SASKATCHEWAN RESEARCHERS UNDERTAKE MAJOR POPULATION HEALTH SURVEY
In an effort to provide the first in-depth picture of the health of Saskatchewan people, researchers at Saskatchewan's two universities have teamed up to conduct a major survey of 7,000 residents by the summer of 2000.
The Saskatchewan Population Health and Dynamics Survey is being conducted independently for the province's health districts and is being paid for by Saskatchewan Health.
"Its results will provide the most through, comprehensive picture we have ever had." said Dr. David Butler-Jones, Saskatchewan's Chief Medical Health Officer. "Good, solid information is essential to make sure our health programs are as effective and efficient as they can be for all Saskatchewan people."
Professor Carl D'Arcy, Director of Applied Research at the University of Saskatchewan, said "By directly asking people about their health experiences and health practices, the survey will provide timely information essential to informed decision-making."
D'Arcy's group and the University of Regina's Sample Survey Unit led by Pamela Smith will each interview 3,500 Saskatchewan residents. The sample has been scientifically selected to be representative of the province's diverse population, drawing from both rural and urban residents, all age groups and both genders from all parts of the province.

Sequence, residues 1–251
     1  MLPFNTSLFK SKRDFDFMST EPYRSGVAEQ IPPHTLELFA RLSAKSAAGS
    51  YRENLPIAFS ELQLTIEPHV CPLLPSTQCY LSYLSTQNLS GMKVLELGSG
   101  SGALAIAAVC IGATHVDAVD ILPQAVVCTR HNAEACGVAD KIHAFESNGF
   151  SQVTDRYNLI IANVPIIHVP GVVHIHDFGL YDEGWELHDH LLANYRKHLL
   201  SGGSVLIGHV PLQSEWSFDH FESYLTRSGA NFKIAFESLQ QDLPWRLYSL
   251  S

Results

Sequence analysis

To ensure confidentiality, all interviewers are sworn to maintain anonymity and confidentiality. Interviews are securely stored and only grouped data is reported.
Questions in the survey have been developed in consultation with the health districts and expert advisors. Issues to be probed include:
- the health status and problems of Saskatchewan people
- whether some health problems run in families
- how people feel about themselves and their stress levels
- the health care services that people use, including complementary therapies
- health-related behaviors such as smoking, exercise, etc., and health protective practices
- opinions about health issues
As well, the survey will assess the extent to which informal health care is provided by family members and friends.
The population health survey will provide information that will help design accessible, efficient and affordable health policies and programs for Saskatchewan people at the local, regional and provincial level.
Preliminary results are to be reported in the fall of 2000.
For more information, contact:
Director of Applied Research
University of Saskatchewan
Sample Survey Unit
University of Regina
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